These are interesting not just from a sociological point of view, but even for couples in this very waltz of love. As with every field of life and work, the pandemic and its aftermath didn’t spare the diverse world of romance. Interestingly, while remaining shut indoors, the last year and a half gave us a chance to re-evaluate our take on love and intimacy. Something new was learnt, something old was unlearnt — including the very definition of ‘dates’ and ‘meet-cutes’.
In its first ‘Love Survey 2021’ ITC Engage in collaboration with IPSOS, a global leader in market research, commissioned a study to explore the changing language of love in this New Normal. The study discovers attitudes and behaviours of young India towards romance in the new normal.
The qualitative survey through candid questions unravels interesting insights on love, relationships, conversation starters, attraction, virtual v/s real romance and how these beliefs have changed.
* Young individuals and their idea of love and romance — 63 per cent of respondents believe in long-term relationships
* New Rules of Virtual engagement — 36 per cent of respondents in non-metro cities agreed that physical distancing is not a hindrance to romance these days as there are various means available to continue the romance and keep the spark alive. In contrast to the opinion in the non-metros, only 24 per cent of respondents from metro cities felt the same.
* Impact of Lockdown on Relationships — Lockdown had put new relationships under stress — with almost 80 per cent of single/casual daters finding it difficult to initiate/ develop a relationship. Seventy-five per cent of respondents feel starting and developing relationships has become more difficult due to lockdowns. On the other hand, it also helped people understand meaningful aspects of their relationships.
* Virtual vs Real Life — 98 per cent of the total respondents believe virtual romance is completely different from real romance. Virtual romance is perceived to lack authenticity, is more casual in nature and risky.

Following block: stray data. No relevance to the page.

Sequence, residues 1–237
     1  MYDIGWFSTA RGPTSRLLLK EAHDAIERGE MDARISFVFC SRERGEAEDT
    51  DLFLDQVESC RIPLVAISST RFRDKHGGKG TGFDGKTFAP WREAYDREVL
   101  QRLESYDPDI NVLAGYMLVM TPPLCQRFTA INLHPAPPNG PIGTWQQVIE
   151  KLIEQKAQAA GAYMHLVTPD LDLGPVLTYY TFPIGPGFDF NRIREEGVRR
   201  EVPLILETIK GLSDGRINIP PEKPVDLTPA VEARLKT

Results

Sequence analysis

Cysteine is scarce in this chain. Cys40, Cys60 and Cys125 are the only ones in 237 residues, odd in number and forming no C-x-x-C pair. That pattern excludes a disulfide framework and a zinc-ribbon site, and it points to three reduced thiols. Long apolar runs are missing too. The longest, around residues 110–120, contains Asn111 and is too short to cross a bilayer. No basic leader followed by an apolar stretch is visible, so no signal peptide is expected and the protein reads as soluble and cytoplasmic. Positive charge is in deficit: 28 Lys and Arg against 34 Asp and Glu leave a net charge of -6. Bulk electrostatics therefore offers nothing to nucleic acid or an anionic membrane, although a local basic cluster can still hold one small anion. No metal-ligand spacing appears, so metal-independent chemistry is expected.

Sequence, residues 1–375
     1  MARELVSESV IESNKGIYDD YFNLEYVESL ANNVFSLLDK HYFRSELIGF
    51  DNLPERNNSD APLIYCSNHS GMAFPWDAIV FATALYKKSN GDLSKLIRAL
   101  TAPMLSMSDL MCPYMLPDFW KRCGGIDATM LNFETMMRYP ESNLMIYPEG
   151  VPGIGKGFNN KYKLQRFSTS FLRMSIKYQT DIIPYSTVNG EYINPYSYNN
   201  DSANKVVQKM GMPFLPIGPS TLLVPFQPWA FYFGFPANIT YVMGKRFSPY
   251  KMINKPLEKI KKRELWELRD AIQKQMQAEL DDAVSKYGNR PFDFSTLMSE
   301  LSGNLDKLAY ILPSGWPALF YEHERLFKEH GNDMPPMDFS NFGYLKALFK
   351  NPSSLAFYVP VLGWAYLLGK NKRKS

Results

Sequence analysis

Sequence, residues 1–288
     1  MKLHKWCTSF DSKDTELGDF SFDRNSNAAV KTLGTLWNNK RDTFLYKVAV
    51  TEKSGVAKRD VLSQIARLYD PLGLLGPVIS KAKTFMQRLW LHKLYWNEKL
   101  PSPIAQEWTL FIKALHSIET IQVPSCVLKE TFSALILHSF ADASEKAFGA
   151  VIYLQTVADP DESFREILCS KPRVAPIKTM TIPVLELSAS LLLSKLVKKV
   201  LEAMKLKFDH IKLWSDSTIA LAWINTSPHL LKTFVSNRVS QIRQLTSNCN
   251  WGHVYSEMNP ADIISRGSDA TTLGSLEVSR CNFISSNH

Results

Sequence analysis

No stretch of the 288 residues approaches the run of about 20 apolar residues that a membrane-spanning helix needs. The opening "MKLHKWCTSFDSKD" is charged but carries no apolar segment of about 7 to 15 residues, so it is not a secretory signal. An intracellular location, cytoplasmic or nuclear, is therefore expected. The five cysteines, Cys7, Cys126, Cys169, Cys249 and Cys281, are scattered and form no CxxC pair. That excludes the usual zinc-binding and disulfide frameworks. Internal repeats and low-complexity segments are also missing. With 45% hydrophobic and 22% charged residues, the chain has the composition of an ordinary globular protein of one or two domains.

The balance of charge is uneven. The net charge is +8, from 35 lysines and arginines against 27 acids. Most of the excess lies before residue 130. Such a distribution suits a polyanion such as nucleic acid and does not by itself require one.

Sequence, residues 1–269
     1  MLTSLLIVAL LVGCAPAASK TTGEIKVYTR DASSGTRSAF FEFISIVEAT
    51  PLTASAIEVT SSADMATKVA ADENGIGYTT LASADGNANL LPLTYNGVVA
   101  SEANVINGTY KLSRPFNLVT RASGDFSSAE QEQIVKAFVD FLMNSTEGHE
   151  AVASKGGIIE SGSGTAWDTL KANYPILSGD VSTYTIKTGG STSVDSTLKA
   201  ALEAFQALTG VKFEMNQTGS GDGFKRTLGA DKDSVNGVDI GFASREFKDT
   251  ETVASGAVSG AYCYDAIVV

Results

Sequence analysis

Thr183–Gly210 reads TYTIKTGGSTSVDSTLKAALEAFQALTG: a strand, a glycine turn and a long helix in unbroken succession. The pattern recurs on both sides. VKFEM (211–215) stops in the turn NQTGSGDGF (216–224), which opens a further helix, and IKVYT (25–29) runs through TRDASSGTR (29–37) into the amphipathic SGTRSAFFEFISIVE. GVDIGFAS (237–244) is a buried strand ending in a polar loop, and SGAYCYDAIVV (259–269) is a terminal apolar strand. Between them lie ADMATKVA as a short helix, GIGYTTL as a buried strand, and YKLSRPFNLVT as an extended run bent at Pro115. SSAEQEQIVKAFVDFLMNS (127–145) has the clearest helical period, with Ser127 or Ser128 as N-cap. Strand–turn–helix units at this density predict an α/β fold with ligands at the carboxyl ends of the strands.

* Real Life romance wins over Virtual Romance — 50 per cent of respondents believe that romance in the virtual world works well for people who are a little shy/introvert in real life while 50 per cent of respondents in metros feel romance in a virtual world is more flirtatious/casual and generally not serious. Forty-six per cent of the respondents felt that romance in the virtual world sometimes can become very dangerous.
* Romance pre and during Covid-19 — In the course of the pandemic, the linkage of romance with positive words has noticed a decline. In the Covid world, there is a 23 per cent drop for the word ‘being together’, followed by a 14 per cent dip for ‘chemistry’ in the current scenario. However, associations for negative words like ‘difficult’, ‘anxiety’ and ‘frustrating’ have increased by 25 per cent, 15 per cent and 20 per cent respectively — indicating the shift in the idea of romance in the new normal.
* Impact of Lockdown — The isolation due to the pandemic has helped 85 per cent of the respondents understand meaningful aspects of their relationships. But the lockdown has helped 84 per cent of the respondents to find new and innovative ways of connecting with their partners.
Romance in this new normal has witnessed a significant shift but love as an emotion continues to seek ways to nurture and deepen a bond. Virtual romance in the digital age has its pros and cons. There is a continuous need to explore ways to keep the spark alive. Be it organising fun virtual dates, enjoying a movie marathon or a sudden virtual surprise, it is imperative to keep the connection as real as possible. (Agency)